Son of Agile chairman eyes high-speed-railway launch to boost business for his new Hong Kong co-working space
Atlas already has portfolio of nearly 2 million square feet across mainland China and Vietnam, says founder Chen Sze Long
Growth within Hong Kong’s co-working space sector shows no signs of slowing, but a newcomer on the block plans to ride the launch of the city’s new high-speed-railway link to mainland China, to expand his business.
Already with a co-working space portfolio of nearly 2 million square feet across the mainland and Vietnam, Chen Sze Long – the son of the chairman of mainland property firm Agile Property Chen Zhuo Lin – launched his first Hong Kong workplace in The Gateway in Tsim Sha Tsui (TST) on Monday.
With the commissioning of the Guangzhou-Shenzhen-Hong Kong Express Rail Link, the company expects TST to become the preferred location for firms seeking business opportunities in Hong Kong as well as the rest of China.
“Having a site near the high-speed-railway railway station can bring people from Hong Kong to the rest of China,” said Chen, the founder and chief executive officer of Atlas, which operates grade A office space in central business districts to multinationals and SMEs alike.
It now has 22 centres, 17 of which are in mainland China and four in Vietnam.
The new TST “Atlaspace” is a single-floor, flexible workplace covering 50,000 square feet, which spans the 16th floor of Sun Life Tower, within The Gateway complex.
Offering up to 700 workstations and 64 serviced offices, monthly rents start at HK$8,000 (just over US$1,000) per workstation, with the lowest capacity for five workstations making up a private office, starting at HK$40,000. The first group of tenants moved into Atlaspace last month, 70 per cent of which has been signed up.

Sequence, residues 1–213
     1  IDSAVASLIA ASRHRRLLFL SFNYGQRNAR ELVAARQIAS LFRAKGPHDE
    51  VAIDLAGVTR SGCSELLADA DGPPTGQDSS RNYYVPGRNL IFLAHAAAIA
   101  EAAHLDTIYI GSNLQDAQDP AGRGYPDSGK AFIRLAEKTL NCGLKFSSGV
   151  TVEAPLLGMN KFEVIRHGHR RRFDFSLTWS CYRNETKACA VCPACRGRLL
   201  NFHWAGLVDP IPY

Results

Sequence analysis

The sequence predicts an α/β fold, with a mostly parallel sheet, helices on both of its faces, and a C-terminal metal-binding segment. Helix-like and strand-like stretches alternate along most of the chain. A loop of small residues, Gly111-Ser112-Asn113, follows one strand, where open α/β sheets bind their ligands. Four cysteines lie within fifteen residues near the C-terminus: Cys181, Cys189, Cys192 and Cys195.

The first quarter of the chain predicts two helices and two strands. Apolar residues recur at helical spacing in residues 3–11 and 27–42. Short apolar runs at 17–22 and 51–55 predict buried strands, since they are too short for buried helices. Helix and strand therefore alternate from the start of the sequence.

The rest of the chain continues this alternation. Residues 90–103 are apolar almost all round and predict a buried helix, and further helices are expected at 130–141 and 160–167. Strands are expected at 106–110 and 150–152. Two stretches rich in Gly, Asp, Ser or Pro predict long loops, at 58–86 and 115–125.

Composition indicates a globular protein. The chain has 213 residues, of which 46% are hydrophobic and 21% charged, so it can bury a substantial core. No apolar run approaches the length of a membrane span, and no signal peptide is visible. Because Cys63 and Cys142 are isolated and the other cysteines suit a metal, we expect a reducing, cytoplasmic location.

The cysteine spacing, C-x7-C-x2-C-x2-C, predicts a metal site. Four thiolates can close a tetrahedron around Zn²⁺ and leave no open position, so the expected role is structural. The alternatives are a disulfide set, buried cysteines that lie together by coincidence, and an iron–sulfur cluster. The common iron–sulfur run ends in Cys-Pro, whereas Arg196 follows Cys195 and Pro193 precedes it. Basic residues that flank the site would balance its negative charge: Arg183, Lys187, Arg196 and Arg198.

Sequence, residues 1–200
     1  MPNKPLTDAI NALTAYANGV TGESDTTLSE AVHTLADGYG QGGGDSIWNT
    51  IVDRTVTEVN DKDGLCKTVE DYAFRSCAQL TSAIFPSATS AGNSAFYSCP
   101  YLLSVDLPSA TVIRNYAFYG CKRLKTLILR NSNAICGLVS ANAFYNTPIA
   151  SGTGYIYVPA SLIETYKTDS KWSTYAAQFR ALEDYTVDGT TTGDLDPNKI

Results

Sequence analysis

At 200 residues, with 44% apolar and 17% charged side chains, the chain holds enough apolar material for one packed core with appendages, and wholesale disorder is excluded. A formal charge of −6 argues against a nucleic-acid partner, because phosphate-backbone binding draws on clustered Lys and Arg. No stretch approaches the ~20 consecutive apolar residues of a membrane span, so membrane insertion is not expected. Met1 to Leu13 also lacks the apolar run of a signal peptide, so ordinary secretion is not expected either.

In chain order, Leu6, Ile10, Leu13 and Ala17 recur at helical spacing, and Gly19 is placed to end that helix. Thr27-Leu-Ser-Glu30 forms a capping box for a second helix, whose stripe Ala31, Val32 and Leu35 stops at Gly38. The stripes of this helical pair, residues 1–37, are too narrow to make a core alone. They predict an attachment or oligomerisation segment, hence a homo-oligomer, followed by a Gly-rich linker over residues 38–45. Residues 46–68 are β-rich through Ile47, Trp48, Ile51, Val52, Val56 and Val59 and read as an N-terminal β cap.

“It’s really hard for start-up companies to find a huge space in Hong Kong,” Chen said.
“In monetary terms it’s very expensive, but there also restrictions in terms of space. In China there’s more space for us to execute, but Hong Kong is home.”
With what he says is an eight-digit initial investment, Chen says this first Hong Kong centre has already reached break-even point. Fashion giant Estee Lauder is its largest tenant.
“Hong Kong is a gateway city. It connects China and also the rest of the world, so it’s very important to us for international future expansion,” Chen said.
Thomas Lam, senior director and head of valuation and consultancy at Knight and Frank., said: “The number of co-working businesses is growing in Hong Kong and mainland China. Many are jumping on the bandwagon, but only the biggest three or four firms will be able to survive.
“The sector is still expanding, so businesses need to vie for a place and find the best mode of operation,” he added.
The amount of space available in Hong Kong expanded by 20 per cent to 1.2 million square feet in the five months to May, according to figures from CBRE, and 48 per cent of that is considered grade A office space.
Atlas received strategic investment earlier this year in January from PAG Real Estate and Goldman Sach.
While Chen said it has no legal connection to Agile Property, he admits his father was “a very big influence for me personally”.
“He has a lot of experience in the real estate market, and has shared a lot about cost controls and quality of construction and the product, and internal management.”
Chen said Atlas started with four Hong Kong staff two years ago, and has now mushroomed into a company expecting to employ more than 1,000 by the end of the year.
“The global economy right now still has some uncertainty” Chen said. “For companies, no matter small or large scale, they have to be concerned about the future.”